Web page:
Caperton Rule Could Kill John Doe Decision
State high court’s Doe ruling runs afoul of U.S. Supreme Court decision on judicial conflicts.
Parties objecting to the Wisconsin Supreme Court’s decision to shut down the John Doe investigation of coordination between the Scott Walker campaign and conservative advocacy groups have until April 29 to file their appeal with the U.S. Supreme Court. There are two obvious issues. The first is the conflict between the two courts’ decisions relating to coordination, which I discussed in my last column. The second is a lack of concern among the four state justices in the majority about the obvious conflicts interest arising from the huge spending in support of their elections by some of the very organizations who were targets of the John Doe investigation.
The U.S. Supreme Court has long held that judges should recuse themselves whenever their financial interests put their independence in doubt. As the American Bar Association put it, “The integrity of the judicial process requires that judges avoid both actual bias and the reasonable appearance of bias so as to preserve confidence in the fairness and impartiality of judicial determinations.” The first time the U.S. Supreme Court considered the impact of substantial political contributions on a judge’s independence was its 2009 decision in Caperton v. Massey.
This case involved a lawsuit against the Massey coal company by Harman Mining Company president Hugh Caperton in which a jury awarded $50 million to him. Following this, Don Blankenship, the president of Massey Coal, donated $3 million to help elect Brent Benjamin to the West Virginia Supreme Court. After defeating the incumbent in a close election and despite what most people would consider a serious conflict, Justice Benjamin refused to recuse himself and voted in favor of Massey Coal to overturn the jury’s decision.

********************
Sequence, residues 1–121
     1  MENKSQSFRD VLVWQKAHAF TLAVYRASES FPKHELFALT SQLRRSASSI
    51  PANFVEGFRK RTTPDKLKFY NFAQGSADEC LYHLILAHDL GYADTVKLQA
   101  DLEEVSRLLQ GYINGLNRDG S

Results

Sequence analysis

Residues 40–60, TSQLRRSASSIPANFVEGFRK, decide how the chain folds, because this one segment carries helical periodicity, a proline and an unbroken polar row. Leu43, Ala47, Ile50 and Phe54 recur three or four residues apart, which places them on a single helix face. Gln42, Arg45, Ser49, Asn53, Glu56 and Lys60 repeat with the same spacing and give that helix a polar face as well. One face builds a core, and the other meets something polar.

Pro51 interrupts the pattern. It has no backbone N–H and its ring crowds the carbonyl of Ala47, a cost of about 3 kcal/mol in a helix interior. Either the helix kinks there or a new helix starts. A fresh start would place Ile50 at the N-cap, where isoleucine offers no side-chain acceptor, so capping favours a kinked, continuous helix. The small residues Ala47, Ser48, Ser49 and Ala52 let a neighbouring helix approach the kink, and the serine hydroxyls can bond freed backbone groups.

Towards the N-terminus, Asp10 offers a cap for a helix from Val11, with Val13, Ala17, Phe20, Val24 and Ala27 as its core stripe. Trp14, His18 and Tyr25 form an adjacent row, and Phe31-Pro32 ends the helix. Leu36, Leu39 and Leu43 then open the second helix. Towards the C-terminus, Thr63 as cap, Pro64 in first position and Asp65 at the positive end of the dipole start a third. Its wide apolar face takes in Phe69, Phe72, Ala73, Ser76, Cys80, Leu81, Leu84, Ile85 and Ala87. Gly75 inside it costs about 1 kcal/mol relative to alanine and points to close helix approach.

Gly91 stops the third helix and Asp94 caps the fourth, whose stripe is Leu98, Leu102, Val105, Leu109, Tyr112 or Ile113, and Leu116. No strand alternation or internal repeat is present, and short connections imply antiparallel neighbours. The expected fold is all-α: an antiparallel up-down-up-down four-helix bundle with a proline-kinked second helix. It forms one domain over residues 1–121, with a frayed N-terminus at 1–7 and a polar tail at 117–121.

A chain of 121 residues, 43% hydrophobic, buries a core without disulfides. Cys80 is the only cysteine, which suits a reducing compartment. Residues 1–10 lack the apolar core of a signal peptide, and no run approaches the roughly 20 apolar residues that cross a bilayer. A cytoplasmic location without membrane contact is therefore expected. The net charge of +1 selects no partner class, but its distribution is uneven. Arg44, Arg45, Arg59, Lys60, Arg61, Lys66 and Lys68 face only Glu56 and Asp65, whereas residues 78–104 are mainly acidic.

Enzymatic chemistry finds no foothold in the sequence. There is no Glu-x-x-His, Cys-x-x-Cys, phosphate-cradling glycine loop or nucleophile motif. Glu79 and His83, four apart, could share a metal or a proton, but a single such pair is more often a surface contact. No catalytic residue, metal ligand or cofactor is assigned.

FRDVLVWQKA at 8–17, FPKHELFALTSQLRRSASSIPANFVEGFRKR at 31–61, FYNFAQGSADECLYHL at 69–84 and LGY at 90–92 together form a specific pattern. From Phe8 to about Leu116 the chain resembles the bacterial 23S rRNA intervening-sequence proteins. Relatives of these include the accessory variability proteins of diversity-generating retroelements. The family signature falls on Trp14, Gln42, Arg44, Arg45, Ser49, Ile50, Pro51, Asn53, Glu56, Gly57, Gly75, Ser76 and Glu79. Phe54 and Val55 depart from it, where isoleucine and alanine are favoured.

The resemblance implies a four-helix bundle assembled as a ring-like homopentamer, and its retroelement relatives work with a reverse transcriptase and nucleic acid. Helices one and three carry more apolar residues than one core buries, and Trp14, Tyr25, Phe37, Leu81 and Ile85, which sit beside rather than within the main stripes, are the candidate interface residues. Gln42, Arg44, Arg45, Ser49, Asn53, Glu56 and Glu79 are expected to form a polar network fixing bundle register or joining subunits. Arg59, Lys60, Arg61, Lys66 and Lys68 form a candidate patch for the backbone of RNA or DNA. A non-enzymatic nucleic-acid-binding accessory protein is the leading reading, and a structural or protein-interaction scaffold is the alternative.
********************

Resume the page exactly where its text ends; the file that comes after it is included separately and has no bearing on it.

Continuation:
In an appeal on a writ of certiorari, the U.S. Supreme Court voted 5-4 that Justice Benjamin was required to recuse himself because “there is a serious risk of actual bias.” The decision, written by Justice Anthony Kennedy continued:
The inquiry centers on the contribution’s relative size in comparison to the total amount of money contributed to the campaign, the total amount spent in the election, and the apparent effect such contribution had on the outcome of the election.
This decision was greeted with relief by many people concerned about the ability of campaign money to distort justice. Ted Olson, formerly Solicitor General in the Bush administration and counsel for the petitioners, argued that: “The improper appearance created by money in judicial elections is one of the most important issues facing our judicial system today.”